The sun is cooling down – What does this mean for New Jersey?

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Scientists say that over the next few decades, the sun will be cooling down.

A little over 300 years ago, the Earth underwent a rapid cooldown now called the “Little Ice Age.” Temperatures were so cold that the New York Harbor froze, allowing people to walk from Manhattan to Staten Island.

Dr. Anthony Broccoli at Rutgers Atmospheric Science explains what happened.

“The sun undergoes a cycle roughly every 11 years, where the number of sunspots on the sun's surface goes up during the solar maximum, and down during the solar minimum,” he says.

Broccoli says that the event that caused the “Little Ice Age” was the lowest solar minimum in 400 years. He says that scientists now believe that Earth is entering a similar event – one that could last for decades.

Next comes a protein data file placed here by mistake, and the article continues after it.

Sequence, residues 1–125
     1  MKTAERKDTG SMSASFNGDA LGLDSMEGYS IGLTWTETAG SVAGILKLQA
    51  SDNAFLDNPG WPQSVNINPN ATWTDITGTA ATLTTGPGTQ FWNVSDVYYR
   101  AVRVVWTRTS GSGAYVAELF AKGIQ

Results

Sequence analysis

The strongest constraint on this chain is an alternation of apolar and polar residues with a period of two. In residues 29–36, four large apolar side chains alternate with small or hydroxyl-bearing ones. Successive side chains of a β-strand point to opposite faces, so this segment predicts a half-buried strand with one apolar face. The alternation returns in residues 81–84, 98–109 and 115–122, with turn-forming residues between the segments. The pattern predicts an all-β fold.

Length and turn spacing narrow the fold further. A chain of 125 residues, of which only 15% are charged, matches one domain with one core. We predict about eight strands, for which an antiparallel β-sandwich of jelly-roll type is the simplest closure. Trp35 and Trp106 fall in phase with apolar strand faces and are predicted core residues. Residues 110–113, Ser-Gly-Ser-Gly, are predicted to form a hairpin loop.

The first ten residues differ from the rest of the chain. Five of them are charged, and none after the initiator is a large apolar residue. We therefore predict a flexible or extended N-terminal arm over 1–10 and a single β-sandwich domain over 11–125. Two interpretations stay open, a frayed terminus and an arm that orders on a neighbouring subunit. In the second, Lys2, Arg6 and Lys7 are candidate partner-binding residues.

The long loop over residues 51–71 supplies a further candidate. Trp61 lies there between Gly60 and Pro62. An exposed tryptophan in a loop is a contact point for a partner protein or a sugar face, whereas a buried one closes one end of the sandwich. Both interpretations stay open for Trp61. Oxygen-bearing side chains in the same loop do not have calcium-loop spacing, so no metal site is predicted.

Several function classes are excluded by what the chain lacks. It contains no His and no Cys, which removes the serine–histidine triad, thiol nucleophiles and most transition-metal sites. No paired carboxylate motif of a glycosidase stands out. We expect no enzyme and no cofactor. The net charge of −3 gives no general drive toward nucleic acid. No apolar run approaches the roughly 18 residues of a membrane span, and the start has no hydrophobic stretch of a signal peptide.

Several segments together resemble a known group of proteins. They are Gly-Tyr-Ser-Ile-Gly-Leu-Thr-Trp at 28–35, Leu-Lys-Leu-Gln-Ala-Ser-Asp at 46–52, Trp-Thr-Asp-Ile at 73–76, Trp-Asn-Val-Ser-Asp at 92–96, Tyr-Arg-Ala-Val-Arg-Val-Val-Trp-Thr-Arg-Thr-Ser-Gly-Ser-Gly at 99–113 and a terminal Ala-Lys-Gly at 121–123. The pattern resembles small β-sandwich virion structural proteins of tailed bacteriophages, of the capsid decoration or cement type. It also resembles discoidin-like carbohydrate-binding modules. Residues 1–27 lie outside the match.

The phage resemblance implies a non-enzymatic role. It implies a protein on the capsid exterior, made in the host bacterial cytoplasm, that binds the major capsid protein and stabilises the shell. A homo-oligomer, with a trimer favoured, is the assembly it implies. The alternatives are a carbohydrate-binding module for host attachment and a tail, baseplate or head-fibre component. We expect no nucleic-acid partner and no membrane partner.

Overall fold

Earth’s temperatures are currently going up. But is it possible that this solar minimum could reverse the effects of climate change?

“The total effect on the Earth’s temperature might be about 3/10s of a degree, compared to the effects of increasing carbon dioxide, which has had the Earth warming by about 2/10s of a degree each decade,” Broccoli says.

Data from NASA shows that even with a decrease in energy from the sun, the temperature is still going up, and that trend has only increased since the 1980s.

So, what will stop climate change?

“Developing things like solar, wind and nuclear, which can generate electricity without adding carbon dioxide to the atmosphere can be part of the answer as well,” Broccoli says.

It was not just the sun that cooled the earth during the “Little Ice Age. Several volcanoes erupted during the Medieval period, contributing to the change.

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